HOMESTEAD, Fla. Jimmie Johnson, Matt Kenseth and Kevin Harvick shared the stage Thursday at Homestead-Miami Speedway as the only contenders remaining for this season’s Sprint Cup Series championship.
One of the three is not like the others.
Johnson is a five-time champion and has a hefty points lead toward No.6. Kenseth won the 2003 title. That leaves Harvick as the only driver without a previous Cup championship.
There’s something else as well.
Nobody has had a more trying path toward title contention this year than Harvick, who announced before the season this would be his last at Richard Childress Racing.
As Harvick is fond of reminding people, many media and fans wrote off his chances at a championship long ago for that reason alone. In a NASCARMedia.com preseason poll, he was picked to finish 11th. Johnson was the overwhelming favorite.
“Everybody has written us off from the beginning of the year to not be in the Chase, let alone competitive and winning races in the Chase,” Harvick said.
So, how did it happen?
Why were Harvick, crew chief Gil Martin and team owner Richard Childress able to keep the No.29 team focused?
Perhaps because whatever trials the team would face, none could surpass the dark days the organization survived during 2001 when seven-time champion Dale Earnhardt was killed in a last-lap wreck at the Daytona 500 and Harvick, then a Nationwide Series driver, became his instant replacement.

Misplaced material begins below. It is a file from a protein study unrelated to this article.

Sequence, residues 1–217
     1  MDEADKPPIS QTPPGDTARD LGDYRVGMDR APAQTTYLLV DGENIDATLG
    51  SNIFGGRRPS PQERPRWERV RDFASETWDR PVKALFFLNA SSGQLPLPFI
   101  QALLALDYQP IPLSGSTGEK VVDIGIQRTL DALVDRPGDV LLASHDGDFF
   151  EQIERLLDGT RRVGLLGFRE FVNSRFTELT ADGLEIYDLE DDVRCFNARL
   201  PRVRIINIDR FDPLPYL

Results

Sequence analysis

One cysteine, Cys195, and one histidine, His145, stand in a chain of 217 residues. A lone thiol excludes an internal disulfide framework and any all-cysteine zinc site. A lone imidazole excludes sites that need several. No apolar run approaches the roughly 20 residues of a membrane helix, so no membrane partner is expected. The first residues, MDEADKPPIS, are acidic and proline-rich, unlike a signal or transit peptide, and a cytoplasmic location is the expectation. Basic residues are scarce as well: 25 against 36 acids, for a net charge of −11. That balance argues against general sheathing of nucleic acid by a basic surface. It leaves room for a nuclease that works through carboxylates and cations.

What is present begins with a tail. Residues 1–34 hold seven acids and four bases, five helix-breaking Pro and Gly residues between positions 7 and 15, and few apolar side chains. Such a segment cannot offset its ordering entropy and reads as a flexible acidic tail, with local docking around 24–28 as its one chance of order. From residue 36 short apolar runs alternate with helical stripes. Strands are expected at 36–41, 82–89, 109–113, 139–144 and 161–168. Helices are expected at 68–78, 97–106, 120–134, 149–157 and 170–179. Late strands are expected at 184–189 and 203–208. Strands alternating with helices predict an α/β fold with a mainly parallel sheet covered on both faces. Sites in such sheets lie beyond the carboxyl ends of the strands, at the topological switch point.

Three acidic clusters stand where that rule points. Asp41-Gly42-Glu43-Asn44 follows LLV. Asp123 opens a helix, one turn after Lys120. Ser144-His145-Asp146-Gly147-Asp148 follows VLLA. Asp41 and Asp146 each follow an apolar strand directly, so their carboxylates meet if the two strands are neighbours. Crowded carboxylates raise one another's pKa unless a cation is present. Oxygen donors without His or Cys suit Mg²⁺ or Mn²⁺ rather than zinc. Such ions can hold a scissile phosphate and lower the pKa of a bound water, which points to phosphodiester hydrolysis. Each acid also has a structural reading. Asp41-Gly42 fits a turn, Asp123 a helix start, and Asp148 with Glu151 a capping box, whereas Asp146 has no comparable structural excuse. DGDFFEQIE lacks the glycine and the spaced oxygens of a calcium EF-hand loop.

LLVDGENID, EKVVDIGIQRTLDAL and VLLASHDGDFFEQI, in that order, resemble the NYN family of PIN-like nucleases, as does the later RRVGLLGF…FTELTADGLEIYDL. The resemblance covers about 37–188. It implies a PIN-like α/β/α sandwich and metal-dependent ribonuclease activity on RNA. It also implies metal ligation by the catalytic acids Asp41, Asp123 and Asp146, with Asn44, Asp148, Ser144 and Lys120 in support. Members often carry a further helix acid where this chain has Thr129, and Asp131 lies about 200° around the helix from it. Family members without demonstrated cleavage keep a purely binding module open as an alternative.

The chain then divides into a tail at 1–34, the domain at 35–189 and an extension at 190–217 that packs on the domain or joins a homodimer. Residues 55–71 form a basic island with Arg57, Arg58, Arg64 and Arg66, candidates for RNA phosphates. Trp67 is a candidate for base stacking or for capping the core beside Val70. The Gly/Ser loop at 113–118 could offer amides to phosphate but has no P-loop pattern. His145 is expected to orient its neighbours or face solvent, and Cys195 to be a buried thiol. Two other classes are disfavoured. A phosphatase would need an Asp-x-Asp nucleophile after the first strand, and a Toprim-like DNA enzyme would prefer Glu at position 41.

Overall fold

The car’s number changed from 3 to 29, but the team that once belonged to a NASCAR legend landed on the shoulders of a newcomer.
“We’ve been through a lot of scenarios that were a lot tougher than my job ending after this week at RCR,” Harvick said Friday. “The way that it started at Atlanta, really Rockingham in 2001.
“We’ve been through a lot of hard situations before, had committed to each other to fulfill our commitment throughout the year.”
Harvick and Childress were not concerned with team members.
“The guys in the shop, they don’t care. I always tell people, it’s just as hard to run last as it is to run first,” Harvick said.
Added Childress: “We’re like family. You spend a lot of time with each other at the track, so you're going to have your spats and stuff, and just got to make it work.”
As this season progressed, Harvick’s performance remained steady.
His championship chances nearly took a serious detour last month when, after a run-in with Childress’ grandson Ty Dillon during a Truck series race at Martinsville, Va., Harvick made several disparaging remarks on television about Ty and his brother, Austin, which incensed his team owner.
Harvick apologized for the comments, but questions again arose whether the team could stay together until the end of the season.
The good of the company prevailed.
“In the end, you put all that aside and you get to do what you like to do in the race car, be around the guys in the garage that really don’t care about the politics, they don’t care about contracts, they don’t care about scenarios,” Harvick said.
“They put 12 hours seven days a week, sometimes more, into those cars, and they want to see them perform. They don’t care about the rest of it. That’s really what drove me, were the guys on my team.”
Does Harvick, at 34 points behind Johnson, still have a chance at the title? A small one.
Is it enough?
“We’ve had so many strange things happen throughout my career at the last minute, you at least have to play everything out,” Harvick said. “Just the type of team we are, we race up until the last lap.
“You just never know what’s going to happen.”
Utter: 704-358-5113; Twitter: @jim_utter.